Youth Stories

What I Learned About the Difference between Charity and Solidarity

by Sydney Kuppenbender

This blog is a part of "Student Perspectives on Global Citizenship Education", a series of blogs by Saskatchewan high-school students reflecting on their experiences through the Global Citizen Youth Leadership Program, an immersive, international solidarity tour from Saskatchewan to El Salvador, and back again.



One year ago, my guidance counsellor approached me with an application form for SCIC’s Global Citizen Youth Leadership (GCYL) program. I took immediate interest in the program, and promptly completed the application with enthusiasm. What I didn’t know, however, was that I had just embarked upon a journey that would extend well past my return to Canada on August 8, 2015.

My trip to El Salvador was, in fact, merely the beginning of a life-changing adventure that would leave me scrambling to rediscover my perspective on both local and global issues, and to reconsider my life path, as I found myself unable to pursue my original career choice due to my shift in paradigm.

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Saskatchewan and Salvadorean youth playing a

team-building game in El Zapote, Cabañas, El Salvador.

The GCYL program is unique in design and delivery compared to others of its kind, as its focus is on solidarity and targeting the root causes of social injustice issues, rather than a charity-based approach often employed by many "voluntourism" organizations. I was fortunate enough to learn first-hand the difference between these two approaches, and how each can benefit or harm developing countries in both the short and long term.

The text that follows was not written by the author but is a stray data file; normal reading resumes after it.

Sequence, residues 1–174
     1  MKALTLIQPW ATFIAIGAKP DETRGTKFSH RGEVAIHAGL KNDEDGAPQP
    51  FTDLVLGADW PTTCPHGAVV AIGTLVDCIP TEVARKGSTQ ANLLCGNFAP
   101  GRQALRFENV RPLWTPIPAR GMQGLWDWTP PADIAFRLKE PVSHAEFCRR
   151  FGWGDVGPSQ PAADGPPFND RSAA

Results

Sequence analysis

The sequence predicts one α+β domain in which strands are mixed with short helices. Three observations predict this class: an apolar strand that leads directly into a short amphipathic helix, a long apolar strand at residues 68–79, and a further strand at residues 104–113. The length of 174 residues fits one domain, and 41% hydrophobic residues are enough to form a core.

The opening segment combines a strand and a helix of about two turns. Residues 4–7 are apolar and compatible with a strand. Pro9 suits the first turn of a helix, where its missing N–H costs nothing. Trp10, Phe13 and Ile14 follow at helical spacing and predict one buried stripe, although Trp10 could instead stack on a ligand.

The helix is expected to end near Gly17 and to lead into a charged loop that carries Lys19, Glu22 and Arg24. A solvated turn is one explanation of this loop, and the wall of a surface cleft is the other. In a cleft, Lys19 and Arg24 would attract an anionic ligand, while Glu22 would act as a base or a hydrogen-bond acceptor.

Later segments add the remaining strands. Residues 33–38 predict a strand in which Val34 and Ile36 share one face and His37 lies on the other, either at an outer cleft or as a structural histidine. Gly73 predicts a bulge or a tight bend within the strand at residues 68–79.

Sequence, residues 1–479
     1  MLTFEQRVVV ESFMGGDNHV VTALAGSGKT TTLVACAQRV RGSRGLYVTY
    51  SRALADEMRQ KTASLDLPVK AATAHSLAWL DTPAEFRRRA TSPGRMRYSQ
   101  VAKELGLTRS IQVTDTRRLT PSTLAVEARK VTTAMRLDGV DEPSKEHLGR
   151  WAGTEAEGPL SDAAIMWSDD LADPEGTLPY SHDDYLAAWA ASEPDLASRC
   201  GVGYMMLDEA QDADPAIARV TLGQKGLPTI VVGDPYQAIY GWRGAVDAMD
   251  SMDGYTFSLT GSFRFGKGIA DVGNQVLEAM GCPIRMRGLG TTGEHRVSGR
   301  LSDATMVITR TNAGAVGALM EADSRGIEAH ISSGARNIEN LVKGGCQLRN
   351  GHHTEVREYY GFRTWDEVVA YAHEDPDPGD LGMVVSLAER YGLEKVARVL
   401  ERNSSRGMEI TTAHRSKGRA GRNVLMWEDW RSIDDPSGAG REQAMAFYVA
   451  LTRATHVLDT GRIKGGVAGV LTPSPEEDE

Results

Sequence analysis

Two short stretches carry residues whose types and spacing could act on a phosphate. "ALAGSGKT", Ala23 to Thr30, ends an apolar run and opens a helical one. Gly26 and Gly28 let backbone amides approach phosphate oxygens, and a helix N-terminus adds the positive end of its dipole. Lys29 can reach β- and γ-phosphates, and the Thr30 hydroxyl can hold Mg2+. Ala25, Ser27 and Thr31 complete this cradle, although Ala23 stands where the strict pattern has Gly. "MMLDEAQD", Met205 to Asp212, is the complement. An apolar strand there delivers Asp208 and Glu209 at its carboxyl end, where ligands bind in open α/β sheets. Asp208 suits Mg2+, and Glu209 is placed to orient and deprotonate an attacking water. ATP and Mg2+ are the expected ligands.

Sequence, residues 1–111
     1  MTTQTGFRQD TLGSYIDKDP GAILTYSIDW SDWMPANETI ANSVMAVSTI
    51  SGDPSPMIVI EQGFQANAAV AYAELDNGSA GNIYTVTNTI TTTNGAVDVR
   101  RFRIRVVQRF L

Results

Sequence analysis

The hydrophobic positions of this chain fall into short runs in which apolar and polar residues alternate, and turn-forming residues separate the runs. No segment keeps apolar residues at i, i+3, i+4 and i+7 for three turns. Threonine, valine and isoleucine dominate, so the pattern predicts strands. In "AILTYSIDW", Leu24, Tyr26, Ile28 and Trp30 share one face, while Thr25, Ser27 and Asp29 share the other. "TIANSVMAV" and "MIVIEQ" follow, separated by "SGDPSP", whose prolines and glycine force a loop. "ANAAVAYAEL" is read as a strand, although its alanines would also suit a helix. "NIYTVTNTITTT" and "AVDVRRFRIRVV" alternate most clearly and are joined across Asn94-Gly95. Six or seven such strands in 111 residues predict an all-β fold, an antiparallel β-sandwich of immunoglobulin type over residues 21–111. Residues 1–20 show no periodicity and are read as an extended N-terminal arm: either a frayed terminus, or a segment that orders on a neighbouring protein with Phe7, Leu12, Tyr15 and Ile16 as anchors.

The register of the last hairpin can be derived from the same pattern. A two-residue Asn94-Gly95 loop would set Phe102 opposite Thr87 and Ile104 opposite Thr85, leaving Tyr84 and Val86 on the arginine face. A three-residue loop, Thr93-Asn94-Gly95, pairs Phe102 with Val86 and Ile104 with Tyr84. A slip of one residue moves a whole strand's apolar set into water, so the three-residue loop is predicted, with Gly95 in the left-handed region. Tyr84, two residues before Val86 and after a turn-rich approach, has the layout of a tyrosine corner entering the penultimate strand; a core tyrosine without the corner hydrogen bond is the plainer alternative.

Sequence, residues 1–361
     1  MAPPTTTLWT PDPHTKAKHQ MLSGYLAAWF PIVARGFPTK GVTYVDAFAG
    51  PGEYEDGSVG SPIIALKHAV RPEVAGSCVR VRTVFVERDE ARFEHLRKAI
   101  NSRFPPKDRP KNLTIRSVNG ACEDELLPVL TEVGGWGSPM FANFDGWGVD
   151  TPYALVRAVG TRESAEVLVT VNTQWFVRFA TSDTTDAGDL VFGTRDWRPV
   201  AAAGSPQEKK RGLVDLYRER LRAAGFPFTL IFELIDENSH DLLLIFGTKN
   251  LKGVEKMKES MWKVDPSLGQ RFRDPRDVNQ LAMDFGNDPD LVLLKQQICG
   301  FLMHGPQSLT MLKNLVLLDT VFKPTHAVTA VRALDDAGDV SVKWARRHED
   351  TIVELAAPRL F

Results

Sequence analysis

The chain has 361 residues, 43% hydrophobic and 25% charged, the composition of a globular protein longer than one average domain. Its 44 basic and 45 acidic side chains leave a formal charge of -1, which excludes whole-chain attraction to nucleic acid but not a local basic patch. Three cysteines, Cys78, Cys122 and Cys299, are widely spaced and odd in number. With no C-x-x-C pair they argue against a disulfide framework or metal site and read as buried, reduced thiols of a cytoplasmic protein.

Despite the language barrier, we learned and discussed with the Salvadoran people different issues faced by citizens of both Canada and El Salvador, and discovered many parallels in the realities regarding discrimination and struggles for different ethnic, racial or cultural groups. It was a meaningful and humbling experience to hear many stories, first-hand, about some horrific tragedies in the lives of these strong, resilient people, and to witness their appreciation for the process of discussion and healing that we shared together in solidarity. It was also uplifting to celebrate the triumphs with the motivated and passionate youth of Santa Marta and Izalco who have experienced success in initiating positive change within their communities.

I distinctly remember visiting other countries as a younger adolescent and, upon my return home, feeling as though I had missed a vital part of the cultural experience, although I couldn’t quite pinpoint exactly what it was that I was missing. After my trip to El Salvador, I can say with conviction that the intercultural experience I was missing can only be gained by living, day-in and day-out, with locals.

GCYL leaders Kayla Blakely (left) and Sydney Kuppenbender (right) sharing a

meal with Erick, a local participant in programs run by the Institute of Women's

Development, Research, and Training (IMU) in San Salvador, El Salvador.

The local community invited us into their homes with open arms, sharing with us what little resources they had which was humbling and honouring for us as newcomers. For two weeks, we lived with host families and struggled to come to terms with their lifestyle and daily realities that didn’t involve modern “conveniences” such as running water or consistent electricity. I thoroughly enjoyed myself, and miss the semi-regular showers, dance parties with my host family, and eating meals outside with our group and locals while conversing in broken English and Spanish.